international private lines to Europe
where they purchase IP transit and
peer at major internet exchanges. As a
result, local internet prices in Africa are
among the most expensive globally.
Several global IP transit providers,
including Tata Communications,
Telecom Italia Sparkle, and Level 3
have expanded their IP backbones into
select African markets such as Djibouti
and Johannesburg. African ISPs,
however, are not always inclined to
purchase IP transit from a global player
that sets up a PoP locally. In many
cases, these ISPs have invested directly
in submarine cable systems such as
or consortium ownership, and seek to
leverage this investment in submarine
systems by buying cheaper IP transit in
Europe than what is available from
global IP transit providers in Africa.
Even if IP transit is purchased locally,
that does not change the fact that
most traffic from Africa is international,
as the vast majority of content is not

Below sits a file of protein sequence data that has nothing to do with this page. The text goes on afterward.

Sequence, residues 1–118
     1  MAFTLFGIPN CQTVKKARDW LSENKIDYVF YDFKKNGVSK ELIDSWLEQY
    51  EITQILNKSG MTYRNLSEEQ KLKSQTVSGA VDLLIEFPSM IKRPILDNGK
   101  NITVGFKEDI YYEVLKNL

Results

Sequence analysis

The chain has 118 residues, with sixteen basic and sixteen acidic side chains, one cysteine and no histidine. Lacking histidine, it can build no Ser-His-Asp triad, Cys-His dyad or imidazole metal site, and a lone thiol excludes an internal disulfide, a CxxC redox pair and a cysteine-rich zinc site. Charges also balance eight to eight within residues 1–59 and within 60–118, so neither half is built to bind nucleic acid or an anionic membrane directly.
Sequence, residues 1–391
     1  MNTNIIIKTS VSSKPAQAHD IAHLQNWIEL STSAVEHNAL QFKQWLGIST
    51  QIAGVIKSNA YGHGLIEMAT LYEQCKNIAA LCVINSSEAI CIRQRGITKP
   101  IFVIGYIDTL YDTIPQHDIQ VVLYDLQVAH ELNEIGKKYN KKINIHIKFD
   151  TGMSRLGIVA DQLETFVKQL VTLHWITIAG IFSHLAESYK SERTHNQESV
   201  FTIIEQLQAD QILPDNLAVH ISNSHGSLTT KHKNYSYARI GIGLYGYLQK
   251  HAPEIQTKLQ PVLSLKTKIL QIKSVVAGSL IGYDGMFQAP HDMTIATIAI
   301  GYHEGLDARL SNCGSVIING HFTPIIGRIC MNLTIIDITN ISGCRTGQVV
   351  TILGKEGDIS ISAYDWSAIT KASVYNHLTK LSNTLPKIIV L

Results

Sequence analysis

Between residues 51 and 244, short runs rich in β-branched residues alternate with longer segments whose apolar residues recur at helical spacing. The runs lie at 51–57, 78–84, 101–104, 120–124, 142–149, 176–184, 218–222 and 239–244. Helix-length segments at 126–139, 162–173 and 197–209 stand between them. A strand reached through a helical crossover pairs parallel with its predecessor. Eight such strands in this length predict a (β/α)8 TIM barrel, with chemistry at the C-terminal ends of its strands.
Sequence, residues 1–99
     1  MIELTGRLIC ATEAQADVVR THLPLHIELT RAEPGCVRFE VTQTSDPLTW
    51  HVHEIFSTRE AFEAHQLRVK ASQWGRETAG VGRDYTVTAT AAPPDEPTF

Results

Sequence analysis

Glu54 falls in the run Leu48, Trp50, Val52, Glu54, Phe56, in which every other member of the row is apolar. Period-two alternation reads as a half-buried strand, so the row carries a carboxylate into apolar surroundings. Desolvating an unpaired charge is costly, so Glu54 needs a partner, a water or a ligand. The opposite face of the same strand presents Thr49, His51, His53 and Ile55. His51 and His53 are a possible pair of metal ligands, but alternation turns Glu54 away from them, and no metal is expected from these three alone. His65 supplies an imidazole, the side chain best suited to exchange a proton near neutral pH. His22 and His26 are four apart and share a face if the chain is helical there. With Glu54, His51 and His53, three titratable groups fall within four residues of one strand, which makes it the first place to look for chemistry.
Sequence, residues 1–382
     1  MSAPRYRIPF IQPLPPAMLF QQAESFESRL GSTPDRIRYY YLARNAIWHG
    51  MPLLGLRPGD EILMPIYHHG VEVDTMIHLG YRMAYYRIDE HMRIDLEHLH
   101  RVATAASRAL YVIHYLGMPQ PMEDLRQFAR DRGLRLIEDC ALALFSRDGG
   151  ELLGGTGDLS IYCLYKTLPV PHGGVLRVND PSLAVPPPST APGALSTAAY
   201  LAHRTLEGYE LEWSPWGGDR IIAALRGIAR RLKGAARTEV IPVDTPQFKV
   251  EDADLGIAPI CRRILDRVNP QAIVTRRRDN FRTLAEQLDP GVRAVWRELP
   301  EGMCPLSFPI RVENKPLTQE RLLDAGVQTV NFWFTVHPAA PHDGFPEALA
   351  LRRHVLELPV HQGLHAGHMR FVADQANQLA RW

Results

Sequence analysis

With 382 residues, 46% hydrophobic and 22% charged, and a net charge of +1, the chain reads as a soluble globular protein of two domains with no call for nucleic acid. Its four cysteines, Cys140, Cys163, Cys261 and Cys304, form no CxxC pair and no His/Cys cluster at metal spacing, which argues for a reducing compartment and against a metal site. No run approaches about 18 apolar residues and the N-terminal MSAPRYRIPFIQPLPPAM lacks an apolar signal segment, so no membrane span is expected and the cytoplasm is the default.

hosted locally, but instead drawn from
Europe. This situation is beginning to
change through the use of caches
hosted within operator’s networks.
The rate of internet adoption in
emerging countries is continuously
increasing, as barriers to entry are
getting lower and the benefits in
terms of efficiency increasingly justify
investment in internet infrastructure,
both for end user access (in particular
wireless broadband technology) and
in the backbone, as fiber optic
networks, over submarine cables or
terrestrial links replace bandwidthconstrained satellite links.
Francois Lemaigre
VP European Sales,
Cogent Communications